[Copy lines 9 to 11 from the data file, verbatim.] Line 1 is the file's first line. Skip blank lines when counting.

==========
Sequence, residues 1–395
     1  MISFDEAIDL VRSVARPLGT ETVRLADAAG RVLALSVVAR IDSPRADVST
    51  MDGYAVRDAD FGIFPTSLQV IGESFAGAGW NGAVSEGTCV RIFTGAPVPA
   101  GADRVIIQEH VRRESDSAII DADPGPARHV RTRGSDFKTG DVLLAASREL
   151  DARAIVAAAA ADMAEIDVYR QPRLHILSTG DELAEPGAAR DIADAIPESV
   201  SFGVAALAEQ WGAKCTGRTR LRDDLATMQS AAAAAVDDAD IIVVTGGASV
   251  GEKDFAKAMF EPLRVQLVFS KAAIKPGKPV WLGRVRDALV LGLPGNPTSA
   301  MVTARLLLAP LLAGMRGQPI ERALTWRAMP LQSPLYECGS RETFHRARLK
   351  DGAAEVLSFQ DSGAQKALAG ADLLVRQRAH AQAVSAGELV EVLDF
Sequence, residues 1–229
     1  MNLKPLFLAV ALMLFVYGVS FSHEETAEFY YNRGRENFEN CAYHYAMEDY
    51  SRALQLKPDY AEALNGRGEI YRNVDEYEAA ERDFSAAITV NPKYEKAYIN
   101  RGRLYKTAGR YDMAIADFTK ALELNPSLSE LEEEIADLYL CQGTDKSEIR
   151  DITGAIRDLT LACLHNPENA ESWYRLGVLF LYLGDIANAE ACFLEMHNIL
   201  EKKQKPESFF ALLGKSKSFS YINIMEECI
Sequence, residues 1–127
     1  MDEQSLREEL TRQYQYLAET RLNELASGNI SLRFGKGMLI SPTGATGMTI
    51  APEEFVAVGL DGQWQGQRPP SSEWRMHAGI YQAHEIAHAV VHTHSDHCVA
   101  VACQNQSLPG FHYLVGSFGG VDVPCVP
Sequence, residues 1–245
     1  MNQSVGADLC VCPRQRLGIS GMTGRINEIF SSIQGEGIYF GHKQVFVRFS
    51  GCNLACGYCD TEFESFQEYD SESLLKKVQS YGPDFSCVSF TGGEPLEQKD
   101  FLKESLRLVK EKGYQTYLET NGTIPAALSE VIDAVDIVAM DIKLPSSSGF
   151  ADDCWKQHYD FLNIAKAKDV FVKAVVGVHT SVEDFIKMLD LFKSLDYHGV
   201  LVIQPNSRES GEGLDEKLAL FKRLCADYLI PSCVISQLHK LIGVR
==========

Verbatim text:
   351  DGAAEVLSFQ DSGAQKALAG ADLLVRQRAH AQAVSAGELV EVLDF
Sequence, residues 1–229
     1  MNLKPLFLAV ALMLFVYGVS FSHEETAEFY YNRGRENFEN CAYHYAMEDY